Dry oxidation methods are used for the first time to characterize the influence of oxidation on the capacitive behavior of CNT array EDLCs. The capacitive behavior of CNT array EDLCs can be tailored by varying their oxygen content, represented by their O/C ratio. The specific capacitance of these CNT arrays increases with the increase of their oxygen content in both KOH and Et4NBF4/PC electrolytes. As a result, their gravimetric energy density increases with the increase of their oxygen content. However, their gravimetric power density decreases with the increase of their oxygen content. The optimally oxidized CNT arrays are able to withstand more than 35,000 charge/discharge cycles in Et4NBF4/PC at a current density of 5 A/g while only losing 10% of their original capacitance.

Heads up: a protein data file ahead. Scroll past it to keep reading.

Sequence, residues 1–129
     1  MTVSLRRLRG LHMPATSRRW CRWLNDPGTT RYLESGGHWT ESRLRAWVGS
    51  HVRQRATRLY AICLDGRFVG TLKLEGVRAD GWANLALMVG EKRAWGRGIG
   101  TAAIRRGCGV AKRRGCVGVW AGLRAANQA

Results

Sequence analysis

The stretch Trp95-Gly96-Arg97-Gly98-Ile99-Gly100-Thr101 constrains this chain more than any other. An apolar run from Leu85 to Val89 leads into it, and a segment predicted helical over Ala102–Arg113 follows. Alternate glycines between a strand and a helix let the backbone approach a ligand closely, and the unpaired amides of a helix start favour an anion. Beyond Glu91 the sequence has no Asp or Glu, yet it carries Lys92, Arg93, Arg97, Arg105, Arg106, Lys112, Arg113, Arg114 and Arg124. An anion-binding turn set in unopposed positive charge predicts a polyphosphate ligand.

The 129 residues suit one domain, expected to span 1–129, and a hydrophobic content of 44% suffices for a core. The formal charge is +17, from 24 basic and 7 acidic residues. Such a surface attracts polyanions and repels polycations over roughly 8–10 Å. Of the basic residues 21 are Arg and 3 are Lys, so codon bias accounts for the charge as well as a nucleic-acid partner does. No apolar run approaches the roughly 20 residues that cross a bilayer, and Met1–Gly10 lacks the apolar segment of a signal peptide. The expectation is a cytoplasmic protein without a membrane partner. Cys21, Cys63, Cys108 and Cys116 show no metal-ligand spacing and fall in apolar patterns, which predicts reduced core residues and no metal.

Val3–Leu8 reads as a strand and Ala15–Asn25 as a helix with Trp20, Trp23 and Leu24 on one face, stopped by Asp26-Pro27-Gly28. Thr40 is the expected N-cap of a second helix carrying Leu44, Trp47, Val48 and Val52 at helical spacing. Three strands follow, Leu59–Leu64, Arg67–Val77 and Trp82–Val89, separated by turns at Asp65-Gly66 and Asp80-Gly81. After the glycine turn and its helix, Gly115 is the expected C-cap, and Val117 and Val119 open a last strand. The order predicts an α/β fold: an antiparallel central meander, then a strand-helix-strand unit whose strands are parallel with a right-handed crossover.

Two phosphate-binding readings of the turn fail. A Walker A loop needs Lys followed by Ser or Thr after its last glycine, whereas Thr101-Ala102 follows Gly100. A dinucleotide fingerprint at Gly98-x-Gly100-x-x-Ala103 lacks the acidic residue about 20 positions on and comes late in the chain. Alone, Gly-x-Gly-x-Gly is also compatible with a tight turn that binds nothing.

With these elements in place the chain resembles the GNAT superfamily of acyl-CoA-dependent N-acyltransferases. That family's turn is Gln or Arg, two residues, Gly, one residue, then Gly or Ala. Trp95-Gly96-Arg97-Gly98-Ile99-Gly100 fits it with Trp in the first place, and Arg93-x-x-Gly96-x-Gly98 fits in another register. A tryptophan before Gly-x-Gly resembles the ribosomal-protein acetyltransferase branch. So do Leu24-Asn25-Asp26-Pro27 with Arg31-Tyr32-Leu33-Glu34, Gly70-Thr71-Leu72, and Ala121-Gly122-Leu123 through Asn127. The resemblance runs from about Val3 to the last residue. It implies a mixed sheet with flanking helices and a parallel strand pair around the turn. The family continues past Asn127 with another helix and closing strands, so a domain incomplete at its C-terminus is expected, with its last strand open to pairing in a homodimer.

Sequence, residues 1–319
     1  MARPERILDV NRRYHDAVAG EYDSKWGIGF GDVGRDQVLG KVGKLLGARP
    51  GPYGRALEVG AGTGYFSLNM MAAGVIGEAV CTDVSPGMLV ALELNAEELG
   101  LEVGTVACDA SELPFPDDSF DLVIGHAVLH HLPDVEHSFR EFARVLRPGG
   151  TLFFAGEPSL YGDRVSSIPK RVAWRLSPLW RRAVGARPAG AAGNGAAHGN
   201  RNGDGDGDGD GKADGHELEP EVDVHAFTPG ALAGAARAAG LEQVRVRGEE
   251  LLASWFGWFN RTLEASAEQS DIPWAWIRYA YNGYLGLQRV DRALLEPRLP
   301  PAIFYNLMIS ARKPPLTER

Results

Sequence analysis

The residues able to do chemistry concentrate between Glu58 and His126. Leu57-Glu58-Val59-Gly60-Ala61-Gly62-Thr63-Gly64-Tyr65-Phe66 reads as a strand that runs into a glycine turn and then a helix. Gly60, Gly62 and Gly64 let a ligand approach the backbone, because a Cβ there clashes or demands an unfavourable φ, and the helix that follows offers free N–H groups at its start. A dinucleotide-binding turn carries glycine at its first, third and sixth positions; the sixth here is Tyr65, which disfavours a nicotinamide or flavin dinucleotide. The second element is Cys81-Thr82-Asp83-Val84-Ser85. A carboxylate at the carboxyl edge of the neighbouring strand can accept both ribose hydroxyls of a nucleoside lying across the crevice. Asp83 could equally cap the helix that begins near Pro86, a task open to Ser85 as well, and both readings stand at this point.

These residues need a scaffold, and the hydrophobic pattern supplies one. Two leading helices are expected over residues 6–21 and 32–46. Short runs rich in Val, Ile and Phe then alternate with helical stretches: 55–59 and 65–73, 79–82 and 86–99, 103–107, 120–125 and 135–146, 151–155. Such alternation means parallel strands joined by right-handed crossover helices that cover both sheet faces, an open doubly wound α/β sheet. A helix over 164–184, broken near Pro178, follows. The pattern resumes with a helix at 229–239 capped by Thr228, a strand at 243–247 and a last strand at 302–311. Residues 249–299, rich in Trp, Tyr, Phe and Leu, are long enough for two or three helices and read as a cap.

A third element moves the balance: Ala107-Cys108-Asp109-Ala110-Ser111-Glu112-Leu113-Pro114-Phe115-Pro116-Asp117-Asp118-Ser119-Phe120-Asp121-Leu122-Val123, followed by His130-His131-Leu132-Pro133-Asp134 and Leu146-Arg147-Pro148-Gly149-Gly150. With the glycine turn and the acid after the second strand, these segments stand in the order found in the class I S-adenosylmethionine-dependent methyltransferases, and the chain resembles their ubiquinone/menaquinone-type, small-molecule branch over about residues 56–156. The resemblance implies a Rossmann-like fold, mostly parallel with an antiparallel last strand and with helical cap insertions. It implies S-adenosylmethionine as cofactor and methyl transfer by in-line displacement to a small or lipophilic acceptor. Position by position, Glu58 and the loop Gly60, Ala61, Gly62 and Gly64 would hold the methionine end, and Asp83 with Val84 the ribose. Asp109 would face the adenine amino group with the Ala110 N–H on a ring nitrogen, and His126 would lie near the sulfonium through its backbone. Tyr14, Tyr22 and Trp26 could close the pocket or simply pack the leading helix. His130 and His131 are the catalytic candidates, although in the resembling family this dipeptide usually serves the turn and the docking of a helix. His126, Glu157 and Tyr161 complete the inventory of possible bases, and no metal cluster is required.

Item Type:Thesis (Dissertation (Ph.D.))
Subject Keywords:Carbon Nanotubes, Dry Oxidation, Superhydrophobic, Supercapacitor
Degree Grantor:California Institute of Technology
Division:Engineering and Applied Science
Major Option:Aeronautics
Thesis Availability:Public (worldwide access)
Research Advisor(s):
  • Gharib, Morteza
Thesis Committee:
  • Dabiri, John O. (chair)
  • Heath, James R.
  • Ravichandran, Guruswami
  • Gharib, Morteza
Defense Date:3 May 2013
Non-Caltech Author Email:indrat (AT) caltech.edu
Record Number:CaltechTHESIS:06012013-192515668
Persistent URL:http://resolver.caltech.edu/CaltechTHESIS:06012013-192515668
Default Usage Policy:No commercial reproduction, distribution, display or performance rights in this work are provided.
ID Code:7817
Collection:CaltechTHESIS
Deposited By: Adrianus Aria
Deposited On:03 Jun 2013 22:33
Last Modified:03 Jun 2013 22:33

Thesis Files

[img]
Preview
PDF - Final Version
See Usage Policy.

23Mb

Repository Staff Only: item control page